How Europe is recalibrating tech, one ESG step at a time. A crisis is usually followed by learning. If in 2022 tech private markets were defined by the crashes of some of the highest-valued and most-hyped companies, “2023 will be a year of recalibration,” write VentureESG’s Johannes Lenhard and Hannah Leach for ImpactAlpha. Take crypto. Enforcing the most simple governance principles – transparent leadership structures, conflicts of interests, board oversight, rigorous accounting (all of which FTX was missing) – would have helped to prevent some of the crashes, Lenhard and Leach argue. Lax governance has long been brewing across startups and private markets. That makes the “G” in ESG especially pertinent for VCs who find it hard to "get started" with ESG. “Installing boards, HR processes, grievance procedures and conflict-of-interest checks should always have been part of VC practice and due diligence,” write the authors.
Dealflow: Financial Inclusion
MNT-Halan raises $200 million to expand access to financial services in Egypt. MNT-Halan’s evolution into an Egyptian “super-app” is long and complex. The quick version: In 2019, founder Mounir Nakhla merged his microfinance and digital wallet businesses with his ride-hailing business Halan after seeing the writing on the wall for Halan’s growth opportunity. “I told my co-founder this ride-hailing business is not going to go very far. What we need now is to really focus on digitally banking the unbanked—it's a huge market in Egypt,” Nakhla told ImpactAlpha last year. MNT-Halan now offers business loans, digital payments, consumer finance and e-commerce services to five million Egyptians. The company uses its own banking software to reach customers who are both online and offline and handle transactions in multiple currencies. MNT-Halan is on a fundraising tear to finance its growth. Chimera Abu Dhabi invested $200 million for a 20% stake. MNT-Halan has also raised $140 million by securitizing loans on its book through two bond offerings.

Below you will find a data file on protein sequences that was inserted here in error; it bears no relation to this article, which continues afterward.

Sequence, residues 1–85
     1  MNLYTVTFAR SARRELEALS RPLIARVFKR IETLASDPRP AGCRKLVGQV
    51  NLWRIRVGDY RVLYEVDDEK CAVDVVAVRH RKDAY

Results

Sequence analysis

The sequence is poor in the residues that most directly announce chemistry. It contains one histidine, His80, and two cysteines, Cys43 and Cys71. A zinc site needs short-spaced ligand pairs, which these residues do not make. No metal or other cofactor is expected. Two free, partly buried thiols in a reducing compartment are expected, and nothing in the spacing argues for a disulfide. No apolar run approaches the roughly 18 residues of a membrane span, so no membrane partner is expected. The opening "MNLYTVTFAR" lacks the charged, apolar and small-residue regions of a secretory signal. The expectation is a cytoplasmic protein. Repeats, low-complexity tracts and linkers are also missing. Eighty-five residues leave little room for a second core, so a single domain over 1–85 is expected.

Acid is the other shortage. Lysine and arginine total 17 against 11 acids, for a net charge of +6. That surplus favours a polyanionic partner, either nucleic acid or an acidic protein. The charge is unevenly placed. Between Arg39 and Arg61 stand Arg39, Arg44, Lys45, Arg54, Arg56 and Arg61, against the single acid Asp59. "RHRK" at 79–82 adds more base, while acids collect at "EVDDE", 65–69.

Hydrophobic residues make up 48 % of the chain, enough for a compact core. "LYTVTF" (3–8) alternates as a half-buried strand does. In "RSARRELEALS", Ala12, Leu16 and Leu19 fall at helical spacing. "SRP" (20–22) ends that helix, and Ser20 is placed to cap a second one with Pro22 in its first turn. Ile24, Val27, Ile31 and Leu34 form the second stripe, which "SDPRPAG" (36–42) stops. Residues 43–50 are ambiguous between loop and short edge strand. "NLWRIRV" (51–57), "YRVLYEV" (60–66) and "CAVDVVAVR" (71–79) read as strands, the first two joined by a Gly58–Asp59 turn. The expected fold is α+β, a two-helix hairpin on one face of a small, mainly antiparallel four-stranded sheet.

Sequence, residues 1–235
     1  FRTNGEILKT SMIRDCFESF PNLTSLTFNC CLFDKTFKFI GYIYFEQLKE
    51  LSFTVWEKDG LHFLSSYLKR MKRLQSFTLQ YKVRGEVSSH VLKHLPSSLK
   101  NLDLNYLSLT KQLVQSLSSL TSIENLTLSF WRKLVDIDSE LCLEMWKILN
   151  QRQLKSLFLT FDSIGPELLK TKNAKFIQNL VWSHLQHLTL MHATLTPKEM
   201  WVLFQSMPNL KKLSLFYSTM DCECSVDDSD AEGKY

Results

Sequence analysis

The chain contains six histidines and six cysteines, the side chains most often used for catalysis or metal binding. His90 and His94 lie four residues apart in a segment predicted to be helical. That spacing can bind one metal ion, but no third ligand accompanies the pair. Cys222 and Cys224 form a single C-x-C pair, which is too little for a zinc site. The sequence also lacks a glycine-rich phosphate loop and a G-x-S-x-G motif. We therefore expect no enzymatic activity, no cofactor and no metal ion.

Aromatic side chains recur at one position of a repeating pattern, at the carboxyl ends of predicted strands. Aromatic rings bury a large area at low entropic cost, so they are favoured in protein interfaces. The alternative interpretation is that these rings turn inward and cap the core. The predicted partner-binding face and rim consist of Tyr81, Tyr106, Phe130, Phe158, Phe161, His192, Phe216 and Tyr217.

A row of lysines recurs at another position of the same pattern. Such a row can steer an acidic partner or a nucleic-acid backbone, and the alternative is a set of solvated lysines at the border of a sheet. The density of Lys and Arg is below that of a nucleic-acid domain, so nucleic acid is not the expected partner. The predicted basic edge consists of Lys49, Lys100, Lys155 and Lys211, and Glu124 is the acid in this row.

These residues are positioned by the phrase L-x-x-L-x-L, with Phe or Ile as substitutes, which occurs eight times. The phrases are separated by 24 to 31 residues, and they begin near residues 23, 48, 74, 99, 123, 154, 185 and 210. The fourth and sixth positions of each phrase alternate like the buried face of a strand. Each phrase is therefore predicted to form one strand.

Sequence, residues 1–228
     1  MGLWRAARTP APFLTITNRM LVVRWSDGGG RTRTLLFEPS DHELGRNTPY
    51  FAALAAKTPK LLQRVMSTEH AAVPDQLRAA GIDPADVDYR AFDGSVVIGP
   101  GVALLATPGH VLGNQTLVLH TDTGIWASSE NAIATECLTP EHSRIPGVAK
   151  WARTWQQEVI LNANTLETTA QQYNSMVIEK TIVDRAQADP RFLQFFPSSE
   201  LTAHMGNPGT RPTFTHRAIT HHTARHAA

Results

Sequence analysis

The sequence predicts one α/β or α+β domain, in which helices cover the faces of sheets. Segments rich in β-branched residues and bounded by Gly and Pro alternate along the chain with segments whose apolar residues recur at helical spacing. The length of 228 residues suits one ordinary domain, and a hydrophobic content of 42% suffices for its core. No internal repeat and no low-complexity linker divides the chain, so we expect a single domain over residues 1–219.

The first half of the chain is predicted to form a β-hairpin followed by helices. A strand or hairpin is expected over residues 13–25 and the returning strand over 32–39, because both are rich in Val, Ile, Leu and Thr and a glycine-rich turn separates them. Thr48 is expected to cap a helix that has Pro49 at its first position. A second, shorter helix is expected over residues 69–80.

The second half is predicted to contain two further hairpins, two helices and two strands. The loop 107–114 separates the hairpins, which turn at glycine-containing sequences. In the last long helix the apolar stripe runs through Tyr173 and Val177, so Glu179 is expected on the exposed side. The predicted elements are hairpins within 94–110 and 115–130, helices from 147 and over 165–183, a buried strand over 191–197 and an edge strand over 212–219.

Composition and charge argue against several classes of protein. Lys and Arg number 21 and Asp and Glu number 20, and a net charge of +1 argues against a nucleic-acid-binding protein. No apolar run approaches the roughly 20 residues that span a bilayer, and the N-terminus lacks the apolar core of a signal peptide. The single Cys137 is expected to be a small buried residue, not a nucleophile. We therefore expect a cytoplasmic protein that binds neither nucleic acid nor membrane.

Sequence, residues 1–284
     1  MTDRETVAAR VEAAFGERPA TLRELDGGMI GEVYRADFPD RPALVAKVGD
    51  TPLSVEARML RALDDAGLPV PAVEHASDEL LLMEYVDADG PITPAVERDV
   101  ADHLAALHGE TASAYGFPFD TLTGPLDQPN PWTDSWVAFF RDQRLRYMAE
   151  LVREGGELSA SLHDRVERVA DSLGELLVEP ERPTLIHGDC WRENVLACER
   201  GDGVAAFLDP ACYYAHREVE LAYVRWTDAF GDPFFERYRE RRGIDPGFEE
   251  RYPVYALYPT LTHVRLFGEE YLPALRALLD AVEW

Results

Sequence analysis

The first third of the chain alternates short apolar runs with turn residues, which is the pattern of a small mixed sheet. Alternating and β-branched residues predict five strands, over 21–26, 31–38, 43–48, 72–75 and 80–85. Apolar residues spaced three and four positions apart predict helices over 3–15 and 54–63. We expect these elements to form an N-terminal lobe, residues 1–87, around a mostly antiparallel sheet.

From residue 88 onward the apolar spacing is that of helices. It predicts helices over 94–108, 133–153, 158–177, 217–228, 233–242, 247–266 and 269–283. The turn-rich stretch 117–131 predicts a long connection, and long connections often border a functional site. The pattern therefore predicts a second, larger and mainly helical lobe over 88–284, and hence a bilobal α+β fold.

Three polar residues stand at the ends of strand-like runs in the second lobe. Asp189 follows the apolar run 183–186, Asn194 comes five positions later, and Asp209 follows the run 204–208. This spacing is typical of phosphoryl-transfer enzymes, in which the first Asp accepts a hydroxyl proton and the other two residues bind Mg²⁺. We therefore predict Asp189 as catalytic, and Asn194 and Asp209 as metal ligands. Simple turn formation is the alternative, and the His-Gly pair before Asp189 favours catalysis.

Signals: Energy Transition
S-curves and tipping points are accelerating the low-carbon future. The future of energy is S-shaped. Adoption of technological innovations is typically slow until hitting a tipping point, typically at 5% to 10% of market share, after which they grow like gangbusters until they become mainstream. “S-Curves by their nature are disruptive and rapid,” writes CarbonTracker’s Harry Benham. In a research note exploring growth patterns in the energy transition, Benham explains that manufacturing technologies (think EVs, batteries, solar and wind systems, and heat pumps) benefit from declining costs as knowledge and expertise grow with scale. Extraction projects like fossil fuels, says Benham, “are almost the opposite: one-off, large-scale, complex efforts that are difficult, potentially impossible, to replicate and improve.”
Agents of Impact: Follow the Talent
Julie Gorte of Impax Asset Management and Neuberger Berman’s Daniel Hanson will join US SIF’s board of directors and its foundation board… Noel Kinder, chief sustainability officer at Nike; Stacy Kauk, head of sustainability at Shopify; Emma Stewart, chief sustainability officer at Netflix; Vanessa Miler-Fels, vice president of climate at Schneider Electric; and Nate Gorence, chief of staff at Impossible Foods, will join Collaborative’s sustainability board.
Editor’s note: This article is sponsored by Johnson & Johnson Impact Ventures, which supports ImpactAlpha’s Investing in Health coverage. In partnership with J&J Impact Ventures, ImpactAlpha is exploring the …